A SCCP called party address (Par.l) can contain various combinations of PC, SSN and/or GT. We now explore the reasons for global titles and GT translations.
A subsystem in a network is uniquely identified by the combination of the point code PC of its signaling point, and its SSN at that point. If an SCCP message has a PC + SSN called party address, the MTPs along the message path then use PC to route the message to its destination signaling point, and the SCCP at this point delivers it to the subsystem specified by SSN. For example, in Fig. 14.3-1, a SCCP message with called party address PC = c, SSN = r, is delivered to subsystem R800 in database C.
A global title is a "functional" address of a subsystem in an exchange or database. The reason for these functional addresses is illustrated with the example of Fig. 14.3-1.
Suppose that the set-up of a call with a called 800 number, say 800-1234567, has reached exchange A. Subsystem Q800-A then has to send a query message to an R800 subsystem at a database that stores the translation for this number—in this example: databases C and D.
In principle, exchange A could translate the received 800 number into a PC 4- SSN called party address of an R800 in the appropriate database. However, this would require "800 number" translation tables in all exchanges, and would entail a large effort when an item in the tables has to be added or removed.
A better arrangement is to let the exchanges use the received 800 number as a global title (GT) address, which is the "functional" address of an R800 at a database with information on the 800 number, and install the GT translation capability in the SCCPs of the signal transfer points (STP) of the network. The SCCP at the originating exchange then routes the query message to a directly connected STP, whose SCCP translates GT into the PC + SSN address of the destination. From this point on, the message can be routed by MTP to its destination.
The number of exchanges in a network greatly exceeds the number of STPs, and placing the GT translation capability in the SCCPs at the STPs instead of in the exchanges greatly reduces the effort to update the translation data.
A GT consists of two parts, known as the GT address (GTA), which is a digit string received from a calling subscriber, and the translation type (TT), which indicates the desired translation (Fig. 14.2-2). For example, if GTA is the national number of a subscriber (S), one value of TT could indicate that GTA is to be translated into the PC + SSN address of an ASE in the maintenance center that covers S; another TT value could require a translation that yields the PC + SSN address of an ASE in the revenue accounting center that covers S, and so on.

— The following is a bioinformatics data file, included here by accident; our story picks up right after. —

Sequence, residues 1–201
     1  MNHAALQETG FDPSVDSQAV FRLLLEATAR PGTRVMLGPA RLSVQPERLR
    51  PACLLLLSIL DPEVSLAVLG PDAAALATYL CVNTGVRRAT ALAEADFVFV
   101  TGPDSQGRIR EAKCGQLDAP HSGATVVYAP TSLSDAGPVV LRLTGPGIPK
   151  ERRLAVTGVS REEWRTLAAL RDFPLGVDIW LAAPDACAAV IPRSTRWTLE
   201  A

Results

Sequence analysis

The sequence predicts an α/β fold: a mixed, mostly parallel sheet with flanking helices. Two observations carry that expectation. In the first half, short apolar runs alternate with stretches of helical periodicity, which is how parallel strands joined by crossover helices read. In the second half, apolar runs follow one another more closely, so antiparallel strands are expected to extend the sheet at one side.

We now examine the transfer of unitdata messages for an 800 number query— response transaction—see Fig. 14.3-1. We assume that all entities in the figure are part of the same telecommunication network.
Query Message. Suppose that the set-up of an 800 call has reached exchange A. The Q800-A then launches a query to a database, to obtain the routing number for the call. We assume that the call-routing information for this particular 800 number is stored in R800-C and R800-D (at databases C and D).
Figure 14.3-4 shows the MTP and SCCP address parameters in the primitives at signaling points A, E and D, and in the message signal unit (MSU) that carries the first unitdata message.
TCAP-A has received the calling and called address (CDA, CGA) from Q800-A, and includes them in the N-unitdata request to SCCP-A. The CDA is a GT in which the translation type = i, and the address = n (the called 800 number). The translation type indicates that n has to be translated into the SP + SSN address of an R800 at a database with information on that number.
SCCP-A enters GT in the CDA field of the unitdata message, PC = a, SSN = q in the CGA field, and sets the routing indicator (Fig. 14.2-1) to RTI = 0, indicating that a GT translation is needed. Since SCCP-A has received a GT called address, and knows that the SCCP-E can perform GT translations, it
Exchange A STP E STP H Database D
Exchange A STP E STP H Database D
includes the MTP address of signaling point E (DPC = e) when passing the message. MTP-A then forms the MSU, and transfers it to STP-E.
SCCP-E translates the GT, and obtains the addresses PC= c, SSN = r, and PC = d, SSN = r, of the R800 units at databases C and D. Assuming that SCCP-E selects database D, it enters SSN = r in the CDA of its outgoing message, and passes it to its MTP-E, in a MTP-transfer request which includes destination point code DPC = d. It also sets the routing indicator to RTI = 1. The MTP-E routes the MSU to MTP-H, which routes it to database D.
SCCP-D receives the message from MTP-D, and passes it to TCAP-D in a N-unitdata indication, which includes the calling address PC = a, SSN = q. Finally, TCAP-D delivers the message to R800-D.
Response Message. R800-D uses the received CGA (PC = a, SSN = q) as the CDA for its response message. SCCP-D passes the message to MTP-D, in a
MTP-transfer request that includes DPC = a. The transfer of the message to SCCP-A is done by MTPs exclusively (no GT translation needed). At exchange A, subsystem number SSN = q in the CDA is used to deliver CGA and the routing number for the call (in the subsystem data field) to Q800-A. Exchange A then routes the call to its destination.
The transaction between Q800-A and R-800-D requires just two messages. This is the case for most transactions. However, after the second message, both R800-D and Q800-A know each other's PC + SSN address. If a transaction requires additional messages, the called addresses in these messages are always PC + SSN addresses, and can be transferred by MTPs along the signaling route (no GT translation required).
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